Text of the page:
THE PUSHER TRILOGY

NR

-By Ethan Alter


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From the multiplex to the art house, trilogies seem to be all the rage these days. This summer alone saw the release of three Part III's-Mission: Impossible III, X-Men: The Last Stand and The Fast and the Furious: Tokyo Drift-while Shrek, Jack Sparrow and Spider-Man are all preparing to embark on their third adventures next year. Meanwhile, outside of Hollywood, French filmmaker François Ozon continued his so-called "trilogy of mourning" with Time to Leave and Danish enfant terrible Lars von Trier released Manderlay, the middle chapter of his three-part "USA-Land of Opportunities" series (although the director has since told the world not to expect the final installment, Washington, anytime soon). Now von Trier's fellow countryman Nicolas Winding Refn is getting into the act with The Pusher Trilogy, a trio of films set amongst the gangsters, drug dealers and other assorted lowlifes of Copenhagen.

Unlike the typical Hollywood trilogy, the Pusher series doesn't feature the same batch of faces in every movie. Certain characters recur throughout, but each film effectively stands alone. What links them together, apart from the setting, is their style and structure. Refn is fascinated by human behavior in times of personal crisis and to that end, he has fashioned a narrative that places the main character of each film in an impossible situation, which they then need to solve through extreme measures. While the specific details vary from movie to movie, the basic set-up involves the "hero" making a deal that goes sour, leaving him in debt to another colleague. As he attempts to extricate himself from the situation, things spiral out of control, inevitably ending in bloodshed.

Refn took his time putting The Pusher Trilogy together. After making the first movie in 1996, he didn't return to the series until almost a decade later when he directed Pusher II: With Blood on My Hands and Pusher III: I'm the Angel of Death back-to-back. As a result, there's a noticeable tonal shift between the original film and its two sequels. Pusher is quite clearly the work of a young filmmaker (Refn was 26 at the time) who worships at the altar of Scorsese, De Palma and Tarantino. In fact, Refn pays homage to Tarantino in an early scene that features low-rent dope peddlers Frank (Kim Bodnia) and Tonny (Mads Mikkelsen) cruising through the streets of Cophenhagen while comparing their respective sexual histories in hilarious detail. The fun times come to an abrupt end when Frank's latest client turns out to be working with the police. Although he manages to ditch the drugs before being caught, he still owes the money from the botched sale to his supplier Milo (Zlatko Buric, the only actor to appear in all three movies). Given only a few days to pay off his debt, Frank scrambles to raise the cash, but finds himself blocked by other obstacles at every turn. It's a classic beat-the-clock scenario that ends on a wonderfully ambivalent note, with Frank peering into his future and realizing that he's trapped in a prison of his own making.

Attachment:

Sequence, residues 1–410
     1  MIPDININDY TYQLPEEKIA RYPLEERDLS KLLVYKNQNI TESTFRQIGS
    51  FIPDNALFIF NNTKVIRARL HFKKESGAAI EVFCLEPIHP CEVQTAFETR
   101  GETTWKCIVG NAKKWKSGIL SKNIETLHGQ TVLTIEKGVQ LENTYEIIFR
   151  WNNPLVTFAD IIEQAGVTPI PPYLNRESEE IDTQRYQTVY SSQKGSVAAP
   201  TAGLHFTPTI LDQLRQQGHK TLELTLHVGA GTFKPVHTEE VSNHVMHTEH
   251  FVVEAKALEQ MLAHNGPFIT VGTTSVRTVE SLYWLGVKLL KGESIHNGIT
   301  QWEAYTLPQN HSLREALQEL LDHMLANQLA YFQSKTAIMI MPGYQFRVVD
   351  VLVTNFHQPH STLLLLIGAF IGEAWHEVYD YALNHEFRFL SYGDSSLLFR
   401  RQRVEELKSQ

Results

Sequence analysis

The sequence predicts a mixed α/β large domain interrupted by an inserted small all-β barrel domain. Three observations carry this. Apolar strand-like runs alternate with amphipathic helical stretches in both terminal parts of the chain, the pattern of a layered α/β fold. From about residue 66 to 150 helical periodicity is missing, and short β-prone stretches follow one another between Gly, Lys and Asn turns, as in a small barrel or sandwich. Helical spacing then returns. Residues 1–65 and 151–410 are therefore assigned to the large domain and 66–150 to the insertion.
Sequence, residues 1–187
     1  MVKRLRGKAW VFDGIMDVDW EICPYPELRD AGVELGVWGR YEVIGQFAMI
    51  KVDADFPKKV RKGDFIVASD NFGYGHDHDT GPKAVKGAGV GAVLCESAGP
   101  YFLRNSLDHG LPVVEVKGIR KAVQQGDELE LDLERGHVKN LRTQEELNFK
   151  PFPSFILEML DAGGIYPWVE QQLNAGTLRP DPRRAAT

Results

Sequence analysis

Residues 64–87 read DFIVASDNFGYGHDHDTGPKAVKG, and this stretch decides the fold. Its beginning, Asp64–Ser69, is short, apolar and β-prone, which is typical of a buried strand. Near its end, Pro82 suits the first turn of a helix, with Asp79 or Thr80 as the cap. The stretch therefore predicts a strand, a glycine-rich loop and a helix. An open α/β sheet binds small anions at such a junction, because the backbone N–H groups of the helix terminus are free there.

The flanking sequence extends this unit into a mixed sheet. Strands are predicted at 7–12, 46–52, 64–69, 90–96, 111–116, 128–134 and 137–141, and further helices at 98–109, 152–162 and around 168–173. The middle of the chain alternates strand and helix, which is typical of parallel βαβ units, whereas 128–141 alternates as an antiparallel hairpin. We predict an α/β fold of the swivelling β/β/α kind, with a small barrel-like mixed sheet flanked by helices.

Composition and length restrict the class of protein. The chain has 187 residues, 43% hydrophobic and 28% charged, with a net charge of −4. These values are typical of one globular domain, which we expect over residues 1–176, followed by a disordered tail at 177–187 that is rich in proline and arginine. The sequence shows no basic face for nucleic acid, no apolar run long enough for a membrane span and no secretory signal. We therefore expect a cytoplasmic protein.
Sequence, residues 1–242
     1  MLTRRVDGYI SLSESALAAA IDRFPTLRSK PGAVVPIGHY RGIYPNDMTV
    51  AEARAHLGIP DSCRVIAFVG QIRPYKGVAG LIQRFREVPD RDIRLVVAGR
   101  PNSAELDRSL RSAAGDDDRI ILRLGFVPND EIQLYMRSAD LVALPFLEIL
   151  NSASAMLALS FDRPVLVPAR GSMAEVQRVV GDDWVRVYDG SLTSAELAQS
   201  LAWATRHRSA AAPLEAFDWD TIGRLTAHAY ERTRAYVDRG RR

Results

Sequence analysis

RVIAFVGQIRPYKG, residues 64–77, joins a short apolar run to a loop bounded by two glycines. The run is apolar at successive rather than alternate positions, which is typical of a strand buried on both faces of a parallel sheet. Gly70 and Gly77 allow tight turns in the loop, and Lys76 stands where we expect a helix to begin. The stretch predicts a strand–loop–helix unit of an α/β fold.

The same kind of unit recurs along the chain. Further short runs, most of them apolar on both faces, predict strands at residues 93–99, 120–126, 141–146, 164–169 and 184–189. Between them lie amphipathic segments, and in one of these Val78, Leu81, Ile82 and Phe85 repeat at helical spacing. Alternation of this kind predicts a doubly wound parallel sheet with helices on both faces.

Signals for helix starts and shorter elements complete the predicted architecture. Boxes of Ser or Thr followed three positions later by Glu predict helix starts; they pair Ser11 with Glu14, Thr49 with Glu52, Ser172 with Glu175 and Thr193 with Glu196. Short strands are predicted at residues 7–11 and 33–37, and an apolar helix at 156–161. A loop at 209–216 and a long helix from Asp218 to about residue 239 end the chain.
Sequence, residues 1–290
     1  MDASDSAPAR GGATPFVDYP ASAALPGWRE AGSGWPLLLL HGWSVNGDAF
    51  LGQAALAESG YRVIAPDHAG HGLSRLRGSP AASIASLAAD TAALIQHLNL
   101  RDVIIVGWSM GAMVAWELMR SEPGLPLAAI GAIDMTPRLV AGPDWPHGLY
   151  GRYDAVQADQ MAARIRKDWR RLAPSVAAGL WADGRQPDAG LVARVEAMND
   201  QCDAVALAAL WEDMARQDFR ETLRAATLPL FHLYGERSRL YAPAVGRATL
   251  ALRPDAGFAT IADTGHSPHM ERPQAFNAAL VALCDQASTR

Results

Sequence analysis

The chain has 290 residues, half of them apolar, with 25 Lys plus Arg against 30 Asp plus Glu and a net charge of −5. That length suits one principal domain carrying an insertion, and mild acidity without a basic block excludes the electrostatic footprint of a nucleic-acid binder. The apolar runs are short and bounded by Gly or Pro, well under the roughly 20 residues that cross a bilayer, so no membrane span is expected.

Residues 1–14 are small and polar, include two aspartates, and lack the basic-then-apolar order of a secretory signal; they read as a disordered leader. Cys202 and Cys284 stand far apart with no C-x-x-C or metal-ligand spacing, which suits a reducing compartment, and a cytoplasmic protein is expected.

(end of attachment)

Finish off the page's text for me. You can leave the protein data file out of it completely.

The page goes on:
While the later Pusher films are equally dark-if not more so-they possess an emotional undercurrent that's missing from the original. In the press notes, Refn mentions that he was a husband and father by the time he started work on Pusher II and III, and family plays a large role in both movies. With Blood on My Hands finds an older, but no wiser, Tonny being released from his umpteenth stint in prison and going to work at a local chop shop run by the Duke, a legendary career criminal who also happens to be his father. Tonny wants nothing more than to win his dad's love and respect, but the fact that he's a perpetual screw-up makes this a difficult goal to achieve. Sure enough, it isn't long before he's caught at the center of a drug deal gone wrong and ends up owing money to the Duke. I'm the Angel of Death, meanwhile, follows Tonny's former boss Milo over the course of one long day and night as he attempts to juggle his beloved daughter's 25th birthday party with a "business opportunity" that he's farmed out to a resentful partner. When that partner mysteriously vanishes, Milo is forced to make a deal with his own supplier, one that sets the stage for a truly gruesome finale.

You don't have to watch all three Pusher films in one sitting, but once you start, you'll find it difficult to stop. Shooting largely with handheld cameras and a minimum of artificial light, Refn offers a vision of Copenhagen that's more blighted urban wasteland than picturesque tourist destination. That feeling of rot and decay carries over into the characters' lives. Frank, Tonny and Milo all talk a good game, but deep down they're not proud of who they are and what they do. And yet, they can't bring themselves to leave this world behind because it's the only thing they know. In a way, the real hero of The Pusher Trilogy is a secondary character, Milo's brutal enforcer Radovan (Slavko Labovic). In the first movie, he confesses to Frank that he longs to quit the drug game and open a shish-kebob restaurant. When we see Radovan again in Pusher III, he's made good on his dream...although his sense of loyalty prevents him from turning down Milo's desperate pleas for help. Still, he's the one person in all three movies who takes charge of his destiny instead of allowing himself to become a victim of circumstance. There is a way out, Refn seems to be saying, but only for those brave enough to take it.


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